Through four games this season, the offense has become fairly easy to understand. They are generally a strong unit with an elite rushing attack that will nonetheless bumble their way through portions of the game. This is fine against the majority of UCLA’s opponents; there are really only a few teams on the remaining schedule with the kind of firepower necessary to make UCLA pay for this. But this is what explains why this game was able to get close despite the Bruins gaining almost 100 yards more than their opponent. The Bruins could afford to tighten things up at times, and they really should have been better in the red zone (14 points on four trips is not going to cut it against a good team) but for this game, it was enough.
Run Defense: A
No real notes here. Stanford can’t really run to begin with, and UCLA’s entire defense starts with the idea that they’re going to shut down the run. That the Cardinal only gained 67 yards rushing is more clinically interesting than anything else. Though I will note that the Statbroadcast page for this game appears to be broken because it said Stanford had -63 rush yards, which was at least a little funny (and was also the point I realized I had to go back and fix a lot of stats for this week so that was fun).
Pass Defense: B
This was definitely a better scheme than last week, but it’s still hard to have any sort of faith in this half of the defense after watching Tanner McKee launch multiple deep bombs. Yes, this defense is going to get burned at times, but that’s going to happen when the scheme is working as intended. That said, I felt that secondary play was fine in this one. Obi Edoh had perhaps his best game as a Bruin, appropriate since he transferred from Stanford, and Devin Kirkwood is continuing to grow into a problem for opposing teams.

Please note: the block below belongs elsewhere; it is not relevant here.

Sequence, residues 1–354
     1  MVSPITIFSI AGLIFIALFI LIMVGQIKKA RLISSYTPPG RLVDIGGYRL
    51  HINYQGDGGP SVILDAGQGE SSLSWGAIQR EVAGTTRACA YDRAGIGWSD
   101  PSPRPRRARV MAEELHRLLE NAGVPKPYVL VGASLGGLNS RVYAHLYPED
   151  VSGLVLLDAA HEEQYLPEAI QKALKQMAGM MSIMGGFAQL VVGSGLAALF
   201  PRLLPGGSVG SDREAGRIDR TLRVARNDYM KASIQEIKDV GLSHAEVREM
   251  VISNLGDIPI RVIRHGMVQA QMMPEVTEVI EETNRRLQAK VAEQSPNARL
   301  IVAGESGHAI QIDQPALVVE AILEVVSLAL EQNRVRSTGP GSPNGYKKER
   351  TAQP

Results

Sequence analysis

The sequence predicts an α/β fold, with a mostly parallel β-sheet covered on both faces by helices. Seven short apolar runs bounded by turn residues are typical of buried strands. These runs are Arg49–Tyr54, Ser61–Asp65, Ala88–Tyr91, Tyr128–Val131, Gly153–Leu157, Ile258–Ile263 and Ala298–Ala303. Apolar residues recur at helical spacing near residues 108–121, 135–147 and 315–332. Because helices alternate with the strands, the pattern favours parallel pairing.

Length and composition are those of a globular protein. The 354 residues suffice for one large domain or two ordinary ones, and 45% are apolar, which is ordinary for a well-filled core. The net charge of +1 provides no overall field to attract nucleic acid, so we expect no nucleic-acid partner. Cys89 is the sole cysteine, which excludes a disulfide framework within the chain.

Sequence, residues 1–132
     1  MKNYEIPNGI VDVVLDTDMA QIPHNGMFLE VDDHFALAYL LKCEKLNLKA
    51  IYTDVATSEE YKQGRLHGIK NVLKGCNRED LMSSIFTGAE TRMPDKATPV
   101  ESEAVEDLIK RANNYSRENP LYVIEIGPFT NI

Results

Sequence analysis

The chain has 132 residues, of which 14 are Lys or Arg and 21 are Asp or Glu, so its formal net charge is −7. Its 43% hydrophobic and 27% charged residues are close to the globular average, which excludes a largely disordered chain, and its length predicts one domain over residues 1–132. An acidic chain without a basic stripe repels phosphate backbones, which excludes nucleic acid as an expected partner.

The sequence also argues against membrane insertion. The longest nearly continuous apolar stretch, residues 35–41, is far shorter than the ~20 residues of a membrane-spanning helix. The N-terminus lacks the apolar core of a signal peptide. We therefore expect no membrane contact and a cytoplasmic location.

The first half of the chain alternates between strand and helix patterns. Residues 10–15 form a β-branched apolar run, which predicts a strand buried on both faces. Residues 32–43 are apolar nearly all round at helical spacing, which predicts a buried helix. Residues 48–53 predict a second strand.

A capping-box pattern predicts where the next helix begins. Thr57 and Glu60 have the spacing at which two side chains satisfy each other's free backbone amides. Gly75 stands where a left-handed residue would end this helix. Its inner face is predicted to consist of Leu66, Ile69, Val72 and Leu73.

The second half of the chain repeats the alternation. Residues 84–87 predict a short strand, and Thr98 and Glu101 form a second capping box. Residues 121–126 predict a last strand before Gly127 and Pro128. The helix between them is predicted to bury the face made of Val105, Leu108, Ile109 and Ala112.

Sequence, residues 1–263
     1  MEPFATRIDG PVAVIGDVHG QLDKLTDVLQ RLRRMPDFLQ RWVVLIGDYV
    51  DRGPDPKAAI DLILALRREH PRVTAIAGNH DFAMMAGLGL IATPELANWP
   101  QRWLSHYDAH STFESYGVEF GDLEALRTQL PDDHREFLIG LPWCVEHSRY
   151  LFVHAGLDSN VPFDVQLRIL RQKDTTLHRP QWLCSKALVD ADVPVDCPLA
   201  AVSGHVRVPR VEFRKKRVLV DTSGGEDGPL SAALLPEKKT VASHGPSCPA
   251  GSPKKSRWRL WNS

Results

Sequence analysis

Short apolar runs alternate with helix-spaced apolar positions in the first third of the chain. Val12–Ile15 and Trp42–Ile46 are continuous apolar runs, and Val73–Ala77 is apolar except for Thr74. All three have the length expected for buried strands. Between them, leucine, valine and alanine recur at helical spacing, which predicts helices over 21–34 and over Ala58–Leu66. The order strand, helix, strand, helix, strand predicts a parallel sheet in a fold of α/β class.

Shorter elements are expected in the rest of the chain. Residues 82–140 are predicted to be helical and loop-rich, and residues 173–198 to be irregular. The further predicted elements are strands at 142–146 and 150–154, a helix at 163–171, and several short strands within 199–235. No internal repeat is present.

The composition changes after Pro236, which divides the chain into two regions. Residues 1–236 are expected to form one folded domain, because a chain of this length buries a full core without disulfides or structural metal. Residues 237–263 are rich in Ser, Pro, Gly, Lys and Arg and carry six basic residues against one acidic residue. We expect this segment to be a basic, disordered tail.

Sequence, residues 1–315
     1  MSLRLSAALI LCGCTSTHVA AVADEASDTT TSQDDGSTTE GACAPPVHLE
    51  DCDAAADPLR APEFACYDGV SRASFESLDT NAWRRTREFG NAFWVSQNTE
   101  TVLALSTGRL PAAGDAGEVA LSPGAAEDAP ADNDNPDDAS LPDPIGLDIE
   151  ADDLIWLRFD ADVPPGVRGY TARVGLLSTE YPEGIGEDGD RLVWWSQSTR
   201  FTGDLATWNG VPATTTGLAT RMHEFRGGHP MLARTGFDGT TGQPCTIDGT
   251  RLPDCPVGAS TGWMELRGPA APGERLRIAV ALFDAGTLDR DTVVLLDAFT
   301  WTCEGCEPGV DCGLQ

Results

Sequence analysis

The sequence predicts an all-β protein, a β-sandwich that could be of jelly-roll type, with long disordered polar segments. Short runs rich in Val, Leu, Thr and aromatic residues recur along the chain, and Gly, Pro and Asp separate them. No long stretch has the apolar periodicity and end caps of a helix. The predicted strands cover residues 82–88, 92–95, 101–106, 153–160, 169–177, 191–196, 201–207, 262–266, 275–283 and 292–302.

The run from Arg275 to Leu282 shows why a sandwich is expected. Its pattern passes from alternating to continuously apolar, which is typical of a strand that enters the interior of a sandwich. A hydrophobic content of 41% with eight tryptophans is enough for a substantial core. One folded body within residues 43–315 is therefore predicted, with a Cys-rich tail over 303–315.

This was a solid bounce-back effort from the defense against a team that has a recent history of torching them. Obviously, there is a different quarterback for the Cardinal than there was last time, but the Bruins were able to cut 200 yards and 24 points from their last meeting, which is a huge improvement. I’m still not sold on this unit long-term, but they also don’t need to be world-beaters; just get to average and the offense should be able to take care of the rest.
Mixed bag here. Nicholas Barr-Mira, who has been pretty darn good from within 45 yards over the past year, missed a 43-yard kick early in the 3rd quarter. I’m hoping this is just a fluke miss, but it is going to hurt this unit grade. Kyle Philips, meanwhile, finally got a chance to return some punts and reminded everyone how dangerous he could be in that role with an early 59-yard punt return that set UCLA up for their first touchdown. Stanford wisely kept the ball away from the return units for most of the rest of the game from that point.